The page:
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OpenGL Insights by Christophe Riccio, Patrick Cozzi

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The OpenGL Timer Query
Christopher Lux
This chapter presents the OpenGL functionality to measure execution times of se-
quences of OpenGL commands using methods provided through the OpenGL timer
query. The special requirement of dedicated OpenGL timing methods for profiling
and runtime purposes is highlighted, followed by an introduction of the basic func-
tions and concepts regarding synchronous and asynchronous approaches to OpenGL
timing. Different types of applications are demonstrated, while indicating special
limitations to this functionality.
34.1 Introduction
How long does it take the graphics hardware (GPU) to execute a certain sequence of
OpenGL rendering commands? The answer to this question is essential during the
development as well as the runtime of real-time computer graphics applications such
as games, simulations, and scientific visualizations.
Profiling a program means measuring and recording, for instance, execution
times and memory usage of individual parts of the program. Profiling allows a soft-
ware engineer to analyze how many resources and ho w much time is spent in various
parts of the program, and thereby identify critical sections in the program source
code. These critical sections present the best opportunities for optimizations from
which the program performance can benefit the most.
Execution time measurements at program runtime can also be utilized to dynam-
ically adjust the workload of rendering algorithms to achieve or maintain interactive
493
34
494 VI Debugging and Profiling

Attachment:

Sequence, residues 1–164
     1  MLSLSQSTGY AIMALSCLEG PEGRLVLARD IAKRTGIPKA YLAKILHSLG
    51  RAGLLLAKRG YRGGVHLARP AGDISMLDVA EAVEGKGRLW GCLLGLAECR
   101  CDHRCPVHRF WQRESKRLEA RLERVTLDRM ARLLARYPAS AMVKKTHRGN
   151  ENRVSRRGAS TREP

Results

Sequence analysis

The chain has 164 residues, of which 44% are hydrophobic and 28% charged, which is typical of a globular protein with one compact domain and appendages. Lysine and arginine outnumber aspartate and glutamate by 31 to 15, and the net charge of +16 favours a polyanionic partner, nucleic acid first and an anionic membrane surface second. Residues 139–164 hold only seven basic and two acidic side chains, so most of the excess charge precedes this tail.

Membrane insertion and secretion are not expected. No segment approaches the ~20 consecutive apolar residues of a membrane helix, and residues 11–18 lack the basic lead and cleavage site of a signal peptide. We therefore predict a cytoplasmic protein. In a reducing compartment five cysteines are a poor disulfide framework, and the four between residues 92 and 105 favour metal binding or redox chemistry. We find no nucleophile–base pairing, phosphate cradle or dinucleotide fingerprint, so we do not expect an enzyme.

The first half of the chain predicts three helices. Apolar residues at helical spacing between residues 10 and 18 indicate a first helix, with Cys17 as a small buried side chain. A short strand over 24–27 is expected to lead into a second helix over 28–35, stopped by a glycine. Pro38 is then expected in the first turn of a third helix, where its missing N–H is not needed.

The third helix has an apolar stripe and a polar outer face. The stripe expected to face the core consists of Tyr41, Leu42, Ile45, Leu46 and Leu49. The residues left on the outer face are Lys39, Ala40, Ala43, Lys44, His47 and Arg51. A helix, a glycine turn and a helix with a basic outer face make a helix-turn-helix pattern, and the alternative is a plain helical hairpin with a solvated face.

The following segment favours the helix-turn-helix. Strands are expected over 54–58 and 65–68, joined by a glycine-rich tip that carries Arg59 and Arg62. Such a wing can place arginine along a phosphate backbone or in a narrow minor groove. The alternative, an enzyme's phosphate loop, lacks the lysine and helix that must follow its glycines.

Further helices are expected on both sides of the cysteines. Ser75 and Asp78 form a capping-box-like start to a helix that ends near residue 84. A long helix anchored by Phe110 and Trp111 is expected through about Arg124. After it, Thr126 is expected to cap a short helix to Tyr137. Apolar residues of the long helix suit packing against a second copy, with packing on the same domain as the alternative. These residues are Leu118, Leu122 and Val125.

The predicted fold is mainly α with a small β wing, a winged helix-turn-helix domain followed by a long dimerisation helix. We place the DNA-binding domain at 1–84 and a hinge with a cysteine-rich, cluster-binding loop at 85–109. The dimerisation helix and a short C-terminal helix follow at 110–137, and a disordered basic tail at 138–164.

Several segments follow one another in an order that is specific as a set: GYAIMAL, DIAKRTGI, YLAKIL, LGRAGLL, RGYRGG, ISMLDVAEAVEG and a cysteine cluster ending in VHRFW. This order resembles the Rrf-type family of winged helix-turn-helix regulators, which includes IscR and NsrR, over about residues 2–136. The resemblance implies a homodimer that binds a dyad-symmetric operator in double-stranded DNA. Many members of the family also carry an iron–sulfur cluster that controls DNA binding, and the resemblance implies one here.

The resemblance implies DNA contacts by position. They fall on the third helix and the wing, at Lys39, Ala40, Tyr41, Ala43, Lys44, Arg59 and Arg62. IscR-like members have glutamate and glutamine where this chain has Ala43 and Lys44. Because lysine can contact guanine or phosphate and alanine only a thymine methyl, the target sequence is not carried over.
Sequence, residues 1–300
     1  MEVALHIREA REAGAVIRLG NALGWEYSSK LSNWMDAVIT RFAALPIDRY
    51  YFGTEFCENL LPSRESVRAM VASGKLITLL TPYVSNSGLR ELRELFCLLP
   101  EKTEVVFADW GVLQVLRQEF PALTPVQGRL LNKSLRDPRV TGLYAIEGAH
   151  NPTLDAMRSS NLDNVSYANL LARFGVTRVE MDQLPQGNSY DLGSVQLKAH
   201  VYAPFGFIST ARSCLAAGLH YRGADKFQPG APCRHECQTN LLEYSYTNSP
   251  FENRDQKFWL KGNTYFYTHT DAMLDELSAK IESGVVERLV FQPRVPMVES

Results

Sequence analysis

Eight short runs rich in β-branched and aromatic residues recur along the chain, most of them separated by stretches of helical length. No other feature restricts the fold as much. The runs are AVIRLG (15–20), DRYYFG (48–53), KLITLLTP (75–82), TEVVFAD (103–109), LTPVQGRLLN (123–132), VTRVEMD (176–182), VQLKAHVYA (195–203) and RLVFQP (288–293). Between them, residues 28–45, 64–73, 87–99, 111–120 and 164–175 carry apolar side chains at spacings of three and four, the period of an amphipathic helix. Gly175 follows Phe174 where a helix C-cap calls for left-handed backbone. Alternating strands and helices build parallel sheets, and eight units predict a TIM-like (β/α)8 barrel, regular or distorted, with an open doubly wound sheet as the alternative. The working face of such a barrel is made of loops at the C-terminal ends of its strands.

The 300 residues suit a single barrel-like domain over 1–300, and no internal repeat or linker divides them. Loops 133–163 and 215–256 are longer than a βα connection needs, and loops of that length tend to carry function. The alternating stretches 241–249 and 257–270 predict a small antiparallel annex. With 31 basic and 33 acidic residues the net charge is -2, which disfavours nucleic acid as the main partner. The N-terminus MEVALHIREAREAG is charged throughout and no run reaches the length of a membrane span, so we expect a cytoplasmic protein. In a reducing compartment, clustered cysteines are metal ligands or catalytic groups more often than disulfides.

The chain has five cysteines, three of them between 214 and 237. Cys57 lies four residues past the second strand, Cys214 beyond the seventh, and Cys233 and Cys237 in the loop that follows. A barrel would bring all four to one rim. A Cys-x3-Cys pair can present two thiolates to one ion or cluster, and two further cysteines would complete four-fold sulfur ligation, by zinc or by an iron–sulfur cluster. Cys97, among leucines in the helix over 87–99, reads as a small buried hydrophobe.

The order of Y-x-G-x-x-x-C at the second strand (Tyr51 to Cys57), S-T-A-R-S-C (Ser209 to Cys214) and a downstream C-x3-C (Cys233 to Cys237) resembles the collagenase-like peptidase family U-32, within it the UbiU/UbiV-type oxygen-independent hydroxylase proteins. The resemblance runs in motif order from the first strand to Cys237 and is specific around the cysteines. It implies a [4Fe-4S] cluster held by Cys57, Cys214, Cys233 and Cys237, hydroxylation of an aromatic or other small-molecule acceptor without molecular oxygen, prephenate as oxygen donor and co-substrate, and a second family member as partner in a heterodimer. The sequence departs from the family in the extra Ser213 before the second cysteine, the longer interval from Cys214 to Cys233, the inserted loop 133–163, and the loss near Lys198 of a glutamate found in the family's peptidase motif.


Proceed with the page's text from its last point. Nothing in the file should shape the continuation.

frame times. For instance, a program can use information about rendering times
of geometrical models to a dapt the used levels-of-detail to decrease or increase the
geometry workload of the graphics system. Another application area of runtime tim-
ings is resource streaming, where, for instance, information about texture-upload
speedsisusedtoadjusttheamountoftexture resources transferred to GPU memory.
The timer query functionality, introduced with the EXT
timer query exten-
sion [ARB 06] and promoted to core specification with OpenGL Version 3.3 [Segal
and Akeley 11], allows us to measure the time it takes to execute a sequence of
OpenGL commands and to retrieve the current time stamp of the OpenGL server.
This time query mechanism is required because current GPUs are running asyn-
chronous to the CPU. Issuing an OpenGL command ultimately places it in the
OpenGL command-queue processed by the GPU at a later point in time, which
means, upon calling an OpenGL function, the corresponding command is not nec-
essarily executed directly, nor is it guaranteed to be finished when the call returns
control to the CPU. Furthermore, the execution of OpenGL commands stored in
the command queue is usually delayed by at least one frame in relation to the current
rendering frame on the CPU. This practice minimizes GPU idle times and hides
latencies in CPU-GPU interoperation.
Modern immediate-mode GPUs are employing heavily pipelined architectures,
which are processing different primitives (e.g., vertices, fragments) in different pipe-
line stages simultaneously [Ragan-Kelley 10]. This results in the overlapped execu-
tion of individually issued draw commands on the GPU. Figure 34.1 illustrates the
asynchronous and pipelined execution model of immediate-mode GPUs. This chap-
ter specifically discusses performance measurements for immediate-mode GPUs. The
architectural differences of tile-based GPUs and the associated differences in perfor-
mance profiling a re described in Chapter 23.
The basic asynchronous character of the OpenGL server allows the CPU to at-
tend to different tasks while the GPU is executing the issued commands. However ,
measuring GPU execution times using general CPU timing methods results in cap-
Rendering Frame N
DC_0
GPU
CPU
SwapBuffers
t
DC_1
DC_2DC_3
DC_0 (N x)
DC_1 (N x)
DC_2 (N x)
DC_3 (N x)
...
Figure 34.1. Asynchronous and pipelined execution of draw calls (DC n) on the GPU: four draw calls
areissuedbytheCPUduringtherenderingframeN. Through the heavily pipelined architecture of modern
immediate-mode GPUs, the draw commands are ultimately executed overlapped in parallel.

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